Even worse, a National audit of wood heater models on sale showed that many did not meet their claimed emissions factors, one model emitting almost 10 times more pollution than claimed by the manufacturer.
2) Ignore the fact that the methane emissions from the average wood heater cause more global warming than heating the same home with gas or a reverse cycle airconditioner. In fact, allowing for the fact that that current firewood use is not ecologically sustainable (e.g. 80-90% of Canberra’s firewood supply is sourced from dead standing paddock trees that are not being regrown) wood heating causes more global warming than heating 3-5 similar houses with gas or an airconditioner.
3) Instead of reporting warnings on the NSW BASIX website that woodheaters contribute significantly to air pollution and may not be permissible in some council areas and that, after no heating, highest BASIX scores are for gas or reverse cycle airconditioners with the highest star ratings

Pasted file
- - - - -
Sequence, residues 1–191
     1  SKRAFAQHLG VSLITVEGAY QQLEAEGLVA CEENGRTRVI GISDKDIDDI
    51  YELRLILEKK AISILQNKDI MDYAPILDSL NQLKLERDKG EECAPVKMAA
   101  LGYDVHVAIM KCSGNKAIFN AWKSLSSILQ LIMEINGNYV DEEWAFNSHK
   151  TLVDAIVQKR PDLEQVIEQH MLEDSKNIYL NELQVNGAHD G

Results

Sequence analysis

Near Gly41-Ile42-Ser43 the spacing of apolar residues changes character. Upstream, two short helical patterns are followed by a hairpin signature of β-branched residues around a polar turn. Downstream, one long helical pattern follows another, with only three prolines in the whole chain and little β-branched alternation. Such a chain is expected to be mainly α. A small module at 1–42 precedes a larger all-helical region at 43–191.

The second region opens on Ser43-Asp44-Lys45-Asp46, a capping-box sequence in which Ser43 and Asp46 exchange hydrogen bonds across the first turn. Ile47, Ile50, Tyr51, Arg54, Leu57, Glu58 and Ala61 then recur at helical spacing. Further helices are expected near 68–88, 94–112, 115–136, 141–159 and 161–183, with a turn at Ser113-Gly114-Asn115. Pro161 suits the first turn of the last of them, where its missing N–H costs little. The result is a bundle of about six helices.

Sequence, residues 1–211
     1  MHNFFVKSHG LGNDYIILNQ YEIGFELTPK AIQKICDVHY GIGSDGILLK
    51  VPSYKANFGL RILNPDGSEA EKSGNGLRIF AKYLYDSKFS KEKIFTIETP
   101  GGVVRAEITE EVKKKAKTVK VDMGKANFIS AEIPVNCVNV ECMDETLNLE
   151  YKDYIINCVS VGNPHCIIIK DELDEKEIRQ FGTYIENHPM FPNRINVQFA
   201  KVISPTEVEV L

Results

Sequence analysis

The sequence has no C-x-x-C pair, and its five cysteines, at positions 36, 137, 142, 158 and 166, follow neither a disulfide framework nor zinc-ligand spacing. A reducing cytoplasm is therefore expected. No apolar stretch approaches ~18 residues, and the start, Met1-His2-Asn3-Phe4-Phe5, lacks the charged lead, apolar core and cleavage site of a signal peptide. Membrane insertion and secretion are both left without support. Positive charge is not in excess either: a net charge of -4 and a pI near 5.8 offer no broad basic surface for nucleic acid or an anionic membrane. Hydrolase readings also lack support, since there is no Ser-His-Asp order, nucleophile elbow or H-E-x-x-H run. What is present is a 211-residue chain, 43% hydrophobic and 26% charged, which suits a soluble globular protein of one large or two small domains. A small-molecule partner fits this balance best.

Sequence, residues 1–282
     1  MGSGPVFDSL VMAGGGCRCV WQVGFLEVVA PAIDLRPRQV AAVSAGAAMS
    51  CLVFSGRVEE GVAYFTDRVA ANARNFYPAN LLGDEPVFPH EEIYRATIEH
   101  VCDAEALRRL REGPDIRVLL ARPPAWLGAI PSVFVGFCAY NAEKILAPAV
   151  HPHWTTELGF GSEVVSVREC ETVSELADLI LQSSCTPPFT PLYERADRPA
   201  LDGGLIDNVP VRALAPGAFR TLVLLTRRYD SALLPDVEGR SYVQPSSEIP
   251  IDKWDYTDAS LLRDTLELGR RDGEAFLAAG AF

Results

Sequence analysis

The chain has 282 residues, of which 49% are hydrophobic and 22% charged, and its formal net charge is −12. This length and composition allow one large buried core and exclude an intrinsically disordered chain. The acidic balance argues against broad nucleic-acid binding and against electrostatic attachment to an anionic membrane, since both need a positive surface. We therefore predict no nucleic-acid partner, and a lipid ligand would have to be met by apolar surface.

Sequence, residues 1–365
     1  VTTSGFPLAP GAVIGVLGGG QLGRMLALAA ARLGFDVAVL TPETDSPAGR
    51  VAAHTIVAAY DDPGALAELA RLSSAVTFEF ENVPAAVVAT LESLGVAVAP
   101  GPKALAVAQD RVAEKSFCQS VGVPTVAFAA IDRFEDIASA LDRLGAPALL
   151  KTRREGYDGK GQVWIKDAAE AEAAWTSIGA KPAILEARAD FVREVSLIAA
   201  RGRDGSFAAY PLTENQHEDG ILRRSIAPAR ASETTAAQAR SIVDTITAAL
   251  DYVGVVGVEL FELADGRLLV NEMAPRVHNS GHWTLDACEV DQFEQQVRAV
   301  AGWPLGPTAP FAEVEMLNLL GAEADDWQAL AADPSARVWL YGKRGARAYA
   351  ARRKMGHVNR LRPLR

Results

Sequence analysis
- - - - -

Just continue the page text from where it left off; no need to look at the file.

and that, after no heating, the highest start rating gas fixed flue heater or highest star rating air conditioner achieves that highest BASIX score
claim a 4.5 star BASIX rating for wood heaters!!!
The graph left (from Prof Michael Brauer's webinar) shows only a small improvement in pollution after virtually every old stove was removed. The small reduction in pollution is partly due to the fact that some stoves were replaced by non-polluting heating, and partly because the replacement stoves were slighly less polluting than the older models.
The huge sums (over 2.5 million) spent on replacing 1130 stoves to achieve a 28% reduction in pollution seems in a town of 2,600 residents seems like a waste of money compared with the 70% reduction from Launceston $2.05 million woodsmoke-reduction rprogram that focussed on replacing wood heaters with non polluting heating.
The dishonesty of AHHA in claiming that pollution was reduced by more than 80%, when the document they cite reports a 27% fall in outdoor pollution levels is nothing short of shocking. Even tobacco companies would not try to get away with such blatant lies.